Every startup CEO needs to sell. Nothing is more important than getting your product out in the market and finding folks to pay real dollars for it. There’s no shortage of sales approaches — emails, cold calls, networking events, catchy banner ads, knocking on doors, etc. They’re all worth a shot.
But I’ve found that for my companies, I get the best ROI from attending conferences, conventions or trade shows. In two days at a conference, you can achieve what could take months sitting at your computer, all in a fun location. I’m writing this surrounded by palm trees in Miami, where it’s 75 degrees.
As with anything else, it pays to prepare for a conference. Based on my experience, I’ve come up with 10 tips to help you get the most out of every conference you attend.
- Plan ahead. Figure out the conferences that work best for your business (hint: they’re rarely the hyped startup conferences like SXSW, although those are a lot of fun). You’ll be amazed by how many associations and trade groups there are in every industry. Get creative. Go where your competitors aren’t. Keep a running list of all the conferences you hear about, and prioritize that list based on two key metrics: Who you will meet and how much it will cost.
- Do your homework. Look through every detail on the conference website. Check out who’s sponsoring, speaking and exhibiting. If that information isn’t available on the website, look at last year’s program. Decide whether it’s a conference worth attending. And once you pull the trigger, plan for specific sessions. Leave plenty of time to walk the exhibit hall floor. I’ve found that the best time to do this is during a keynote speech you don’t mind skipping. The floor is empty, so vendors will spend more time chatting with you.
- Be frugal but smart. Don’t let a limited budget get in your way. Go to a few conferences as an attendee before shelling out the big bucks for an exhibit booth. Find conferences that are close to your home. When traveling, crash with friends or use AirBnB to save on hotels. Conference registration fees aren’t cheap, so always ask for startup discounts. They’re not listed on the websites, but the organizers may just hook you up. Even if they say no, they may offer to walk the floor with you to show you around and make valuable introductions.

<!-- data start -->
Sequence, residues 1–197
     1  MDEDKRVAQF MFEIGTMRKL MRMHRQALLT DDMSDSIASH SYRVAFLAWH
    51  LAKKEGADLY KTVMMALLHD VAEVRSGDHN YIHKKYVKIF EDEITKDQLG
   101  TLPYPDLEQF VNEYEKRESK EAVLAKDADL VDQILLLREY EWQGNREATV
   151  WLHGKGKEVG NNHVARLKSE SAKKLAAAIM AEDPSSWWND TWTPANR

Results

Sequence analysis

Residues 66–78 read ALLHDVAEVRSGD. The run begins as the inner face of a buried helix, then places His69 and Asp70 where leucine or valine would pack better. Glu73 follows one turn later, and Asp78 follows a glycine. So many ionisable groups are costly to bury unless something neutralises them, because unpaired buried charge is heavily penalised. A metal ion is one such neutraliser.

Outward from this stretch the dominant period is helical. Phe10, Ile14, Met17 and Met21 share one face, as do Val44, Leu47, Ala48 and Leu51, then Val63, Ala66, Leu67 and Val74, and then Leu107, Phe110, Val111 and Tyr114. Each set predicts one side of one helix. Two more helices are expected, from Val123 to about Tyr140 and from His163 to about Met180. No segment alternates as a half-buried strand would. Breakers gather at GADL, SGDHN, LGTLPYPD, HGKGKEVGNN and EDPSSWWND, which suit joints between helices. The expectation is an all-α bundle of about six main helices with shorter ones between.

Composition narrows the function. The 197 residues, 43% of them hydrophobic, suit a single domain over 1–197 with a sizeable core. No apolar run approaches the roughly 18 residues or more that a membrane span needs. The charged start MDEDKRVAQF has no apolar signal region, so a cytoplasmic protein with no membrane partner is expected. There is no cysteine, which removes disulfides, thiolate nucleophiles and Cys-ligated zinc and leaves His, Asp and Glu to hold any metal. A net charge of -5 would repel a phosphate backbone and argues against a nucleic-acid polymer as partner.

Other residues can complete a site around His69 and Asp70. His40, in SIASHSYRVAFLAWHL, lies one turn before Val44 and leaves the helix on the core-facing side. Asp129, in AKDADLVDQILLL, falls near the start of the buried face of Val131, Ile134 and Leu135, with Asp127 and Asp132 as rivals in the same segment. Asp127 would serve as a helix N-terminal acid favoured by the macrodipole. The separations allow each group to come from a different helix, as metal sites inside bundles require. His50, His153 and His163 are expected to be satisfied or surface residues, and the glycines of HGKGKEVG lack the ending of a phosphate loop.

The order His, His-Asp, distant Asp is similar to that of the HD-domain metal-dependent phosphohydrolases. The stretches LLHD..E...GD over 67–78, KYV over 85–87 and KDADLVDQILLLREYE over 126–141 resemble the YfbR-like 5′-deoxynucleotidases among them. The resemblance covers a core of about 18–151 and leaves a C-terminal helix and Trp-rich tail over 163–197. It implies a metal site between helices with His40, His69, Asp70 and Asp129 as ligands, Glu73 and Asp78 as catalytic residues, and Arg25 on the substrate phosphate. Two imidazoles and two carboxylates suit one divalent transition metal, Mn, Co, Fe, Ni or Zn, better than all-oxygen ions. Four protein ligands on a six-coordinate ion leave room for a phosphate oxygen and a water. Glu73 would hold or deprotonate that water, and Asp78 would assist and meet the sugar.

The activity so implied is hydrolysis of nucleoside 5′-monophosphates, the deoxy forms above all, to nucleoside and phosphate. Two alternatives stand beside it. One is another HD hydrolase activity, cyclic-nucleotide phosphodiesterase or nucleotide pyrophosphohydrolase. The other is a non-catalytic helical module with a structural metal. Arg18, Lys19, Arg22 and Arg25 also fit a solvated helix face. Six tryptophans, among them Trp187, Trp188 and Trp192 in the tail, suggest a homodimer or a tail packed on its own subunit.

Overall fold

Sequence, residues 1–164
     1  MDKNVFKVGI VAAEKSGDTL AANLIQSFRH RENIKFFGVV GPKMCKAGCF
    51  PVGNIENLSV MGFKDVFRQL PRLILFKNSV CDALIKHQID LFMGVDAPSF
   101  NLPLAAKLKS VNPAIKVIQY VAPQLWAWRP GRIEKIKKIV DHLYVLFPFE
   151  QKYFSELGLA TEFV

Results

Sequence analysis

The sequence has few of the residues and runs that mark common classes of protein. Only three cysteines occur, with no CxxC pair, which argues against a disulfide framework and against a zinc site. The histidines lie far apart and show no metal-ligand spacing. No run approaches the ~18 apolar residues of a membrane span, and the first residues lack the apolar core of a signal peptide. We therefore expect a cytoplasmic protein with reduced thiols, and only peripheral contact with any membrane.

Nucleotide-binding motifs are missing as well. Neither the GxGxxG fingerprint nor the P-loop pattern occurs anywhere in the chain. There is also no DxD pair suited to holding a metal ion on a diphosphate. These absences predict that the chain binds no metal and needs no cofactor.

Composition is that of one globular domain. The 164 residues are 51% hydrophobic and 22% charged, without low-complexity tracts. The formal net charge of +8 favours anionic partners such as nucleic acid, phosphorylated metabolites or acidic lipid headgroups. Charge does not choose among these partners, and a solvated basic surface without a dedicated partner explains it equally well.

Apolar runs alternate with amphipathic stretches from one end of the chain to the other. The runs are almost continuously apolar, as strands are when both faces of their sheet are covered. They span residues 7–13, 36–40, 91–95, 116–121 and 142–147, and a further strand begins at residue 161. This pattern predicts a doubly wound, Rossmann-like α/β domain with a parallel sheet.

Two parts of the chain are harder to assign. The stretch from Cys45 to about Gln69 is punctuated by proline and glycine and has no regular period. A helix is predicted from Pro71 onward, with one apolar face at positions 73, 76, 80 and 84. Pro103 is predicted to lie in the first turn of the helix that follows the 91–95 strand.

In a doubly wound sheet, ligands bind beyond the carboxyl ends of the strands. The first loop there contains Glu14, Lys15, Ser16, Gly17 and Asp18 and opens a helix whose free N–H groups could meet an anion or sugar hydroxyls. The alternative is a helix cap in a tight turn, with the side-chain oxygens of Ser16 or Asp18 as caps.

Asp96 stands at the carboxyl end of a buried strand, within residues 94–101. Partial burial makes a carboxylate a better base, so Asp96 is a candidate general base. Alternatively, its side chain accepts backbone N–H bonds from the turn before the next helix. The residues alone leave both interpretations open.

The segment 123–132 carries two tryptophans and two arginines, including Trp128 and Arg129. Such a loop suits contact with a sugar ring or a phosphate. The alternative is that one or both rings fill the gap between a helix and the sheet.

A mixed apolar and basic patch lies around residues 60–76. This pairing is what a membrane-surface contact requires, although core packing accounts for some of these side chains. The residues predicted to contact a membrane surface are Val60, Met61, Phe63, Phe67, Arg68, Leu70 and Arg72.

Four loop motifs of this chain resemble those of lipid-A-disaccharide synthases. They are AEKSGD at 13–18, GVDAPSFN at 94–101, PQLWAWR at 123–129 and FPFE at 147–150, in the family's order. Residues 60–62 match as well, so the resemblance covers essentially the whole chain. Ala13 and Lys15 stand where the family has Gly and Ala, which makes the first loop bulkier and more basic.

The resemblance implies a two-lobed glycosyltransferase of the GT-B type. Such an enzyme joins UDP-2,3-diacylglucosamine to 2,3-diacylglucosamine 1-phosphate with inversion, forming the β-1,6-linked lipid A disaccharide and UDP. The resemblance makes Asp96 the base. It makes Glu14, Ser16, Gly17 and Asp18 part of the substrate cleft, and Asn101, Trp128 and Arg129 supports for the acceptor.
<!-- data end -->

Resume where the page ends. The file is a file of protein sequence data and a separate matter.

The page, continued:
- Schedule meetings. Reach out to industry experts, vendors, and conference organizers in advance. Introduce yourself and ask them for a few minutes of their time while you’re at the conference. I’ve found that sending an email and a LinkedIn message at the same time gets the highest response rates. Before sending out cold emails, check LinkedIn for mutual contacts who may be able to introduce you. And write concise messages (five sentences max)!
- Be persistent. You won’t hear back right away from most contacts. Conference speakers and organizers tend to be busy folks. Give it a few days, then send a follow-up note. If they don’t reply before the conference, don’t take it personally.
- Stay organized. I email anywhere from 50 to 200 people per conference. There’s no way to keep track of all those emails without a system. I use Google Docs spreadsheets, where I list all the key information for each contact (name, title, email, status, interesting facts, etc). Use whatever system works best for you to stay organized. And stick to it.
- Know what you’re looking for. On the plane to the conference, write down key objectives and critical questions. Then show up with a laser focus. It’s all too easy to get distracted by the overwhelming number of sessions, exhibit halls full of tchotchkes you’ll never use and free booze. But remember that you are there to learn and establish connections. Ask questions. Sales will come if you approach the conference with patience and humility. Companies want to help you if you’re a startup looking for advice, rather than a nagging salesman.
- Be social (media). You’re probably younger and more social-media savvy than the rest of the attendees. Use that to your advantage. Tweet about the conference using the official hashtags. I did that recently, and on the last day they presented a wrap-up full of attendee’s tweets. Mine kept popping up on the screen, and the presenter thanked my company for its “terrific tweets.” As you can imagine, this was great free publicity for us.
- Be social (-izing). Don’t get stuck on your phone or sitting in conference sessions all day. Networking events are where you’ll strike up those all-important conversations. Even if they cost an extra few bucks, sign up. Remember to bring lots of business cards, and go light on the vodka shots (unless you’re at the U.S. Drinks Conference, in which case the shots may be acceptable). And don’t just limit your socializing to the formal events. The more open you are to striking up conversations, the more doors you’ll open.
- Follow up. If you follow these tips, you’ll collect dozens of business cards at the conference. But that’s just the beginning. On the plane back home, write a personalized email to every contact. Briefly rehash what your company does and why it could be interesting for that contact. Send emails that are friendly, personal and short, and watch the replies fly in.
Happy hunting! Looking forward to seeing you at a conference soon.
David Adelman is the Head of Business Development and Growth Strategy at Snagajob, America’s largest marketplace connecting hourly job seekers and employers. Prior to Snagajob, David founded two video startups- Reel Tributes and ReelGenie. David graduated with an MBA from Wharton and an AB from Harvard, and lives in Washington, DC, with his wife Melissa and Shih Tzu puppy Samson.
Originally published by StartupCollective.